Cellular Immunology and Latest Innovations

The immune response to pathogens is shaped by the complex interactions and activities of the many distinct cell types involved in the immune response. The primary line of defence is the inborn immunological reaction, which occurs shortly after the virus is introduced. Phagocytic cells such as neutrophils and macrophages, cytotoxic common executioner (NK) cells, and granulocytes round out the picture. The resulting diverse immune response may take days to develop and includes antigen-explicit protective components. Antigen-introducing cells, such as macrophages and dendritic cells, play a fundamental role in flexible insusceptibility. Antigen-dependent stimulation of several cell types, such as T cell subsets, B cells, and macrophages, all play a role in host defence.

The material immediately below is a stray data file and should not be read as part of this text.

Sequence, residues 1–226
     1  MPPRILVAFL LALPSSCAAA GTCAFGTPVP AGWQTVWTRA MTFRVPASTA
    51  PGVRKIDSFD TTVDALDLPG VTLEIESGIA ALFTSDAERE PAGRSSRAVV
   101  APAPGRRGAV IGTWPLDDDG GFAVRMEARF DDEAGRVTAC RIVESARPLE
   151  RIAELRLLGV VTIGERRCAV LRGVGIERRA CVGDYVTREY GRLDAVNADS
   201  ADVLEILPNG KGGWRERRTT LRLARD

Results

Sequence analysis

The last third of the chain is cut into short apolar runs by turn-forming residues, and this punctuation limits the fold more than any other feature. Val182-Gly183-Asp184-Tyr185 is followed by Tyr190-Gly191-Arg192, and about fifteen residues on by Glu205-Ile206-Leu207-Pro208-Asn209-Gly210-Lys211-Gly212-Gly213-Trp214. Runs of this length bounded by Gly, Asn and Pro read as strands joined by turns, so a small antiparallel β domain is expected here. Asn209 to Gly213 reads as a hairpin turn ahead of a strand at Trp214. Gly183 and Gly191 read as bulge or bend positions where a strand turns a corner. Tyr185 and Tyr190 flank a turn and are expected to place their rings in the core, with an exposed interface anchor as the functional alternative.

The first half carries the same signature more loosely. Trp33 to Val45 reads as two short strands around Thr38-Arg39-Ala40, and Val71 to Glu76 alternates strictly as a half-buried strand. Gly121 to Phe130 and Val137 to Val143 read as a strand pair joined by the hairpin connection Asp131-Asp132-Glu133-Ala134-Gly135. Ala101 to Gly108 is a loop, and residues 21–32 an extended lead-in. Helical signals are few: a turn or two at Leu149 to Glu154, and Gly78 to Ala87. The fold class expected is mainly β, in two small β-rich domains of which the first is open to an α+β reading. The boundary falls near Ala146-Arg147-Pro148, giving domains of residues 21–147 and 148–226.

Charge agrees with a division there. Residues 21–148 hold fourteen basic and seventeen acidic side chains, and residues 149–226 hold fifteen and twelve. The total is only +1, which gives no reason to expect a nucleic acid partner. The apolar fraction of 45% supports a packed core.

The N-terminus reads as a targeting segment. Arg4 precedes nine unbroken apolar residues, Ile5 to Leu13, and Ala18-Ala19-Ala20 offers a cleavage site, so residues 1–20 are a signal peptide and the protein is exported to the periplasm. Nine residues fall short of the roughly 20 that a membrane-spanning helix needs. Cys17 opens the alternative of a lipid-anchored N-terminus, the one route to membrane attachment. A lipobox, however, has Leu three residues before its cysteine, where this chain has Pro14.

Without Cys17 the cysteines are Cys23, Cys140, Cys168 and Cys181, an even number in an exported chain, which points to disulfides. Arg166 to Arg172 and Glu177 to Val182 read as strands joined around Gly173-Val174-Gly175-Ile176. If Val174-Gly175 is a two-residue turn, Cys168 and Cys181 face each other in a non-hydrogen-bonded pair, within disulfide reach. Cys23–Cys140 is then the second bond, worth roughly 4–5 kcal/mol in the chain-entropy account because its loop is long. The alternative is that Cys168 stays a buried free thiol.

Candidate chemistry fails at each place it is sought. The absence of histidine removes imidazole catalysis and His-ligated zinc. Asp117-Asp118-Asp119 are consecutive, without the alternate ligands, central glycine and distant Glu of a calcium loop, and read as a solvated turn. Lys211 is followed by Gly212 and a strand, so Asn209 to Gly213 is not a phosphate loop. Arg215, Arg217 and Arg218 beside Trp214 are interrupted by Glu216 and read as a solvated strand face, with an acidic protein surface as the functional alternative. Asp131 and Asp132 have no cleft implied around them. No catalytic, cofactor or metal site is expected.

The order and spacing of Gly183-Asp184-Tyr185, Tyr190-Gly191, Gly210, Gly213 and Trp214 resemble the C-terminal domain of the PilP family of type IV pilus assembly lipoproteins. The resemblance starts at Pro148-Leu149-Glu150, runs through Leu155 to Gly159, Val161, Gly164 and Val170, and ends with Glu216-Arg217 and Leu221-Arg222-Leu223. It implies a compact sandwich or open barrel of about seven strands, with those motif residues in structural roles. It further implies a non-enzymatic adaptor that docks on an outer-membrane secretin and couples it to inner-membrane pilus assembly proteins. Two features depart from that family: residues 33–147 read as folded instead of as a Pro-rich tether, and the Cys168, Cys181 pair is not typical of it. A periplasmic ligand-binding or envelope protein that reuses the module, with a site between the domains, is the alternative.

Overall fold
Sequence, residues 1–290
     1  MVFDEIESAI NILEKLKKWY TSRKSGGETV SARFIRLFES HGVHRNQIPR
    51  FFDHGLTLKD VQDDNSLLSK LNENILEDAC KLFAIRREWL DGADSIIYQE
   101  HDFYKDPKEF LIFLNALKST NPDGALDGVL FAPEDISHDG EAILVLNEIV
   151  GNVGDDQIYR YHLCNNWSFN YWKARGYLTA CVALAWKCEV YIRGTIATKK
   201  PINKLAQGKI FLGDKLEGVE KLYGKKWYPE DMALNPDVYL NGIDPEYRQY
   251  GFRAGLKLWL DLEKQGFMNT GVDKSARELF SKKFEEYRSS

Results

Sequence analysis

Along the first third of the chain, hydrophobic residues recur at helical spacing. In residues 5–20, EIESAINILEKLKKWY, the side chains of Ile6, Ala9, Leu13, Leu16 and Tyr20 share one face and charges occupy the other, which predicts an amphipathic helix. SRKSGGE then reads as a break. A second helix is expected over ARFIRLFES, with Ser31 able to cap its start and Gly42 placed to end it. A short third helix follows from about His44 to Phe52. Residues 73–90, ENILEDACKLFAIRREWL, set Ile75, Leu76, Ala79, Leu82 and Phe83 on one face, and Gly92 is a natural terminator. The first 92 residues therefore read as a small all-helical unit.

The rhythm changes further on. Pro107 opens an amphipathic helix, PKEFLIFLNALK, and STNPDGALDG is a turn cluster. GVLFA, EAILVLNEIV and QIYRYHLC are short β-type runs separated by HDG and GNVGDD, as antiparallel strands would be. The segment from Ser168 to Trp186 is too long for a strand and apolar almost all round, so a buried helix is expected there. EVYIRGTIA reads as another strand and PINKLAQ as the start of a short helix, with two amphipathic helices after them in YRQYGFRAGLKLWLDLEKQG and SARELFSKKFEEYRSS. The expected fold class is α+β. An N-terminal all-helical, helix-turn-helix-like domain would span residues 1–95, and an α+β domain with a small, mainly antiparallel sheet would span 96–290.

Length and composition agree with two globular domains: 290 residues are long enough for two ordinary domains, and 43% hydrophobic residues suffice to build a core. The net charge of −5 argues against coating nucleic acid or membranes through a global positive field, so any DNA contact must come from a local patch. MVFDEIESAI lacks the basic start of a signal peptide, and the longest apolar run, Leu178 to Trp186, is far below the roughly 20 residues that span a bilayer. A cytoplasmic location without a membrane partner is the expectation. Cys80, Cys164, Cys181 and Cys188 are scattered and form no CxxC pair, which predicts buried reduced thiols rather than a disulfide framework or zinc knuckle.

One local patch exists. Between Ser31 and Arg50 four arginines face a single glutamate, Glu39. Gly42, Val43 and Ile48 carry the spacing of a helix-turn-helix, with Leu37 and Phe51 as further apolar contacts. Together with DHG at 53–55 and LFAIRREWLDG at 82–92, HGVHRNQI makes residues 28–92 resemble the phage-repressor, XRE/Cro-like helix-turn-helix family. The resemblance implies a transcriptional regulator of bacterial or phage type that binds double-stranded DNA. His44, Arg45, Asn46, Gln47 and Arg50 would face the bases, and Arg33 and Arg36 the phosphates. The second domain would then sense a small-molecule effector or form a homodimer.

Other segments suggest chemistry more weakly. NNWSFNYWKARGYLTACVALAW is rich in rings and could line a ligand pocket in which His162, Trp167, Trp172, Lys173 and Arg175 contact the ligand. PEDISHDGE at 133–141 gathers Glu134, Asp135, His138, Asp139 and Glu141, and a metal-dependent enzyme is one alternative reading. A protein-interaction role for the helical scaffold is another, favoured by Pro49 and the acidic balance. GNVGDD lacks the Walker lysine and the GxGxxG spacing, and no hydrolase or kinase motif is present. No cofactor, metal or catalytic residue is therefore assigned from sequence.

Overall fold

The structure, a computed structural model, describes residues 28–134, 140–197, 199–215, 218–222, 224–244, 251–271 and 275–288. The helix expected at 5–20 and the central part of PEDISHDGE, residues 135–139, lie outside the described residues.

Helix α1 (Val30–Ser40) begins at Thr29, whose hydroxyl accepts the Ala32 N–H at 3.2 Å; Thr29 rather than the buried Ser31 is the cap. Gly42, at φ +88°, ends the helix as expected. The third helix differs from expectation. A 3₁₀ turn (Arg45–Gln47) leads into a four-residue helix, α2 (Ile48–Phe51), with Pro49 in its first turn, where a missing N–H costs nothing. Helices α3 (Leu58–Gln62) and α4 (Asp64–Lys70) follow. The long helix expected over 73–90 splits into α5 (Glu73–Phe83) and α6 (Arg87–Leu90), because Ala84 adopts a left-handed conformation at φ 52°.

• Immunomodulatio

 • Immunologic surveillance and tumour immunology

• Natural killer cell immunology

 • Thymus and lymphocyte immunobiology

 • Immunomodulation

• Immunologic surveillance and tumour immunology

• Delayed-type hypersensitivity or cellular immunity

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